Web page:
I bought my concert ticket even before having heard Ys, and my blind faith was rewarded more than I could have imagined. Ys's orchestra was reduced to just violin, tambura/banjo and percussion, but there was no sense of loss: as the original arrangements use elliptical suggestions rather than brute force or strength-in-numbers, they could be effectively emulated in a stripped-down context. Of course, on the songs taken from The Mik-Eyed Mender, there was no such problem to begin with.
The very first notes of "Emily" promised a beautiful experience that only got more extraordinary with each passing song. To hear Joanna Newsom's voice on CD is one thing, but to see her, sitting behind the harp, swooping through rollercoaster melodies while subtly playing with vocal phrasing and timbre was amazing, at times almost overwhelming. Wonderful, but also courageous: who would think to sing about the differences between meteors, meteorites and meteoroids, let alone make it sound good? Would others not have attempted to eliminate that bizarre, glitch-like squeak that leads into high notes? Newsom makes it charming.
I was highly admirative of the adequation between the music and the singing: both were smart, unconventional and creative. Every percussion hit (the percussionist remained silent for long stretches of time), backing vocal (the violinist's female voice and the percussionist's male voice were applied in careful doses) or violin line fit with a tailor-made snugness.
Sure, it's difficult to follow the narratives, even one as relatively straight-forward as "Monkey & Bear," especially given such rich musical accompaniment. While I generally agree with Steve Smith's assessment that Newsom is "clearly dancing in her head," with Van Dykes Parks "inviting everyone inside," I think that the use of a limited set of recurring, catchy melodies effectively provides a cyclical counterweight to the radically linear narratives. In other words, you don't hang on to the chorus lyrics, but to the musical motifs. In any case, I don't see concerts this powerful very often.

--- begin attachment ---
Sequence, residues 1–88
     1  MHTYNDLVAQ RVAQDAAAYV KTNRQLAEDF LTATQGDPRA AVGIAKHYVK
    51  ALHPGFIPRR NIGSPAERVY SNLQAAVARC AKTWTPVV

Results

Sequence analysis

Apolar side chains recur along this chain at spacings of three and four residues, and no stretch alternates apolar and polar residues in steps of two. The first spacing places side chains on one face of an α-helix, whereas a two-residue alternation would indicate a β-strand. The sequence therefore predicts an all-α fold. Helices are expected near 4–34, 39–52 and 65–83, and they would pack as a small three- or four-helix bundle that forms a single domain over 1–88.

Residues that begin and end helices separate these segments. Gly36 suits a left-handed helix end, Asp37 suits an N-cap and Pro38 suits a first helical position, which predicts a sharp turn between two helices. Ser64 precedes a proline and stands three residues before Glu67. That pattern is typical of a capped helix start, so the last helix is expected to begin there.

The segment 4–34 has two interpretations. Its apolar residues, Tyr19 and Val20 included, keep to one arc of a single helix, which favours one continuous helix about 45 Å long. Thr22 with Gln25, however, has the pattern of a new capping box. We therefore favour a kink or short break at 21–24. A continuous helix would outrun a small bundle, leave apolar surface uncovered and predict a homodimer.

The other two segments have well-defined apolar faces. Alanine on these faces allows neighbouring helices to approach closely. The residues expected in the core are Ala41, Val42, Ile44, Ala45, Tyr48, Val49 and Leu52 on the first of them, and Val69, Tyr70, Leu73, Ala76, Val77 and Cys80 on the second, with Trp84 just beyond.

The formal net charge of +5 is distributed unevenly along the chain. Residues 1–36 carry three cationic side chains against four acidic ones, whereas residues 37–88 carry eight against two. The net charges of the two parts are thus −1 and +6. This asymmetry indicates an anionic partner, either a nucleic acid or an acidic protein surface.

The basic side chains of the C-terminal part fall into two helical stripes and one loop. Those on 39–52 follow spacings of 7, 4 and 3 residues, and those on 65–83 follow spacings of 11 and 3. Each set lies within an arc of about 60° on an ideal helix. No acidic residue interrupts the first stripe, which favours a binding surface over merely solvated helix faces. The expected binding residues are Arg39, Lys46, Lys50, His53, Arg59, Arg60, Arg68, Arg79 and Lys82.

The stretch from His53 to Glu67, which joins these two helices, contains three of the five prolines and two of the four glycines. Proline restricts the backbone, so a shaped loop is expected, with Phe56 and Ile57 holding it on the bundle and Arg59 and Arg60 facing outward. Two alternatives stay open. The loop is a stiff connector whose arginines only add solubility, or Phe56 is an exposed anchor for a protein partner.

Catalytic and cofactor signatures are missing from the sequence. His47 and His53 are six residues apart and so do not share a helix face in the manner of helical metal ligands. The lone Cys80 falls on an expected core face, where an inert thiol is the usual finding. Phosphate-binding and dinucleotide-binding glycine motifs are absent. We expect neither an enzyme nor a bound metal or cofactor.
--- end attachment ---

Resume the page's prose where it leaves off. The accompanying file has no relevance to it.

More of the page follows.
An aside. Apparently, it's OK to use super glue to temporarily close a finger cut incurred while playing harp. While waiting for the glue to dry, Newsom filled the time with some of her endearing, slightly goofy stage patter. She told us about her brother and sister texting her in response to a very bad joke she had told in Dublin, while the glue dried. Her excuse was that it is the only joke she can remember. You can see that moment here.
Australian singer/songwriter Ned Collette opened, alone with his guitar and loop station. He too tended to spin long, hard-to-follow narratives, but without really commanding the stage enough for me to want to make the effort. They were about more standard-issue issues: in one song, he sang "You look good by bringing me down." Collette steadily increased his use of loops, building several layers, soloing for a few bars and then changing the accompaniment under the looped solo.